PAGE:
Gov’t to al­low for­mer sugar work­ers to re­main in unf in­ished houses, avoids clash

Jamaica Gleaner - - FRONT PAGE - Jo­van John­son Staff Re­porter

AC­CORD­ING TO highly placed sources, the Govern­ment is to al­low for­mer sugar work­ers to re­main in the new hous­ing units at Stokes Hall near Golden Grove, St Thomas, quickly putting an end to a po­ten­tial clash be­tween au­thor­i­ties and the res­i­dents, who had been in­sist­ing that they would not va­cate the un­fin­ished houses.

The Govern­ment had all 120 res­i­dents of the di­lap­i­dated bar­racks in Golden Grove sign con­tracts to tem­po­rar­ily re­lo­cate to the hous­ing units last Friday to re­duce risks as­so­ci­ated with Hur­ri­cane Matthew, which, at the time, threat­ened the is­land.

How­ever, even be­fore mov­ing in, the res­i­dents were adamant that they had no in­ten­tion of leav­ing, even though the houses do not have elec­tric­ity, water, or a func­tion­ing sew­er­age sys­tem.

Their in­sis­tence forced Agri­cul­ture

Min­is­ter Karl Sa­muda to call an emer­gency meet­ing yes­ter­day with mem­bers of the en­gi­neer­ing and con­struc­tion teams, as well as rep­re­sen­ta­tives of the parish coun­cil and the health min­istry.

The of­fi­cial re­lease from the min­istry said that af­ter a tour to­day, “a de­ci­sion would be taken re­gard­ing the way for­ward”; how­ever, The Gleaner has learnt that the Govern­ment has de­cided that the res­i­dents will re­main, and the tour will be used to de­ter­mine how soon a sew­er­age sys­tem can be put in place.

En­gi­neers re­port­edly said they could fix a sep­tic sys­tem in three weeks.

Util­ity agen­cies such as the Ja­maica Pub­lic Ser­vice and Na­tional Water Com­mis­sion are also ex­pected to be called in to pro­vide regis­tra­tion and other sup­port.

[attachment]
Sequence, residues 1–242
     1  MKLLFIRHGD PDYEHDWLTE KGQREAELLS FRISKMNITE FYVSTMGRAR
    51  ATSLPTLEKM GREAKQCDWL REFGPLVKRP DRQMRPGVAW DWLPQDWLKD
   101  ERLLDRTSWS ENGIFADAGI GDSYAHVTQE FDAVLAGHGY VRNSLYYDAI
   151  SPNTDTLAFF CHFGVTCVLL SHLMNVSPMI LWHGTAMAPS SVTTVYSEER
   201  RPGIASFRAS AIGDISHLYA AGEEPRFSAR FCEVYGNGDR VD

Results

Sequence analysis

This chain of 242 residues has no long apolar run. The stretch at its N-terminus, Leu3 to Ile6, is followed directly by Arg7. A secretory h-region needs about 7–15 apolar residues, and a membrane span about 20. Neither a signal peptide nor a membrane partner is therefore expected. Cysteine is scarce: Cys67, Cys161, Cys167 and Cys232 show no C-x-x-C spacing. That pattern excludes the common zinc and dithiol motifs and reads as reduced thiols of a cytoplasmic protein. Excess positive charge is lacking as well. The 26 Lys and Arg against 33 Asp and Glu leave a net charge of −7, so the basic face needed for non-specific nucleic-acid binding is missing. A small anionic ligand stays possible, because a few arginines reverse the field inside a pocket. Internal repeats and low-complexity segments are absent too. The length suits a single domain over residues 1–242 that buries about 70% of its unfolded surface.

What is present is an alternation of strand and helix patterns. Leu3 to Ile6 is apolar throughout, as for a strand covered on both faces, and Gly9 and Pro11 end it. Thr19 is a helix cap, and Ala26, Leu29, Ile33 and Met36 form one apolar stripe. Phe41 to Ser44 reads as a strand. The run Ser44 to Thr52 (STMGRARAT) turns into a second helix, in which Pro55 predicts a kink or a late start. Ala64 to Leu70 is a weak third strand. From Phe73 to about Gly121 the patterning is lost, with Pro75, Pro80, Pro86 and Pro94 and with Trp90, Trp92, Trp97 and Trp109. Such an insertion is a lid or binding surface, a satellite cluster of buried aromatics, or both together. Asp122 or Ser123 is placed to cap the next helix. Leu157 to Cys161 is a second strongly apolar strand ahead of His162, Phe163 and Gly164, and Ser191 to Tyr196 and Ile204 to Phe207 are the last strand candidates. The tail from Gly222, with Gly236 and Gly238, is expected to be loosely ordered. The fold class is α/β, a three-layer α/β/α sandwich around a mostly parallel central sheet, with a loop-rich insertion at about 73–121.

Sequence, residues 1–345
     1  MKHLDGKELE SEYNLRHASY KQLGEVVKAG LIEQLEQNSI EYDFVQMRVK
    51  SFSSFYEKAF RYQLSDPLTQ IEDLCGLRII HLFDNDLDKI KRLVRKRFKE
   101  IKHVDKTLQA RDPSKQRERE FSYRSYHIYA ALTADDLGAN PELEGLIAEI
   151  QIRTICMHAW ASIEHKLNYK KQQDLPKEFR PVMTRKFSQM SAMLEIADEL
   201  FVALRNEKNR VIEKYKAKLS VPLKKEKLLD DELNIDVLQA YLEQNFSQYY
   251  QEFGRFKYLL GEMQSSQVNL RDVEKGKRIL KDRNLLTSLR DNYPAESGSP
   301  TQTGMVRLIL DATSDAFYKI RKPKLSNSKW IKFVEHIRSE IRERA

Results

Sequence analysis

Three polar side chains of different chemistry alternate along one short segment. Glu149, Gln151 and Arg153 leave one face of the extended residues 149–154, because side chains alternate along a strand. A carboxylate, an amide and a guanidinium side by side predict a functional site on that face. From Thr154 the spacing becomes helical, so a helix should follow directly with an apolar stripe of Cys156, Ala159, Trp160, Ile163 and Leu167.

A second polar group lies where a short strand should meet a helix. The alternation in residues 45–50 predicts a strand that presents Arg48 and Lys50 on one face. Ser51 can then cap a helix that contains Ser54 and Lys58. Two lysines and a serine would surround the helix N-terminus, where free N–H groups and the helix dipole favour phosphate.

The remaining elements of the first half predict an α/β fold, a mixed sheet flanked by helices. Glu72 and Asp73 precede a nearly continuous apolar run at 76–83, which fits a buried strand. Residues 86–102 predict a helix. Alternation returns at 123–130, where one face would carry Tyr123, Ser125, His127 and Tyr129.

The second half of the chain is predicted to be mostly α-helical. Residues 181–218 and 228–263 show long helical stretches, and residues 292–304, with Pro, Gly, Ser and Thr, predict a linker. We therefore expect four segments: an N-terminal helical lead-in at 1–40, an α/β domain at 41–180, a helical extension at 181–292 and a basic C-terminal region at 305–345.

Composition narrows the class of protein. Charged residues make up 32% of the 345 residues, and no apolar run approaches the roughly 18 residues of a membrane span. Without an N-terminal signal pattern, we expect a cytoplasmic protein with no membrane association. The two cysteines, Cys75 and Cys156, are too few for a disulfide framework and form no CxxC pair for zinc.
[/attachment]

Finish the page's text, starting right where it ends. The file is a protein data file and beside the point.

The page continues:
“There is go­ing to be a fix and the is­sue will be solved,” an of­fi­cial close to the talks told The Gleaner on con­di­tion of anonymity be­cause they were not au­tho­rised to speak on the mat­ter.


On Sun­day, Millicent Brown*, one of the oc­cu­piers, lamented that she had spent a lot of money to move her be­long­ings to the new unit and that she did not have the funds to move back to the old sugar bar­racks.

“A whole heap a money wi spend fi move come over yah. A Friday night dem gi wi di key seh wi fi move just fi hur­ri­cane, but some peo­ple a seh dem nah move back,” she said.

Most of the res­i­dents would have even­tu­ally got keys to the houses af­ter com­ple­tion, but act­ing per­ma­nent sec­re­tary in the agri­cul­ture min­istry Regi­nald Bud­han said there was no time­line for the of­fi­cial han­dover.

He also said the un­fin­ished houses were be­ing van­dalised.

The houses at Stokes Hall are 145 of the 397 built in sug­arde­pen­dent com­mu­ni­ties is­land­wide un­der the Govern­ment’s Sugar Trans­for­ma­tion Pro­gramme, which is funded by the Euro­pean Union.

A to­tal of 302 per­sons will ben­e­fit from the Stokes Hall houses, which should have been de­liv­ered nine months af­ter the $158 mil­lion con­tracts were signed in Jan­uary 2013 with con­struc­tion firm Al­car Con­struc­tion and Haulage Com­pany Lim­ited.

The houses are be­ing pro­vided free of cost to the res­i­dents, who will only pay to process the prop­erty ti­tles by the Land Ad­min­is­tra­tion and Man­age­ment Pro­gramme at a re­ported fee of be­tween $30,000 and $40,000.


ABOVE: New hous­ing units at Stokes Hall, near Golden Grove in St Thomas, for for­mer sugar work­ers.

LEFT: The di­lap­i­dated bar­racks in Golden Grove, St Thomas, where the for­mer sugar work­ers were liv­ing up to last week.

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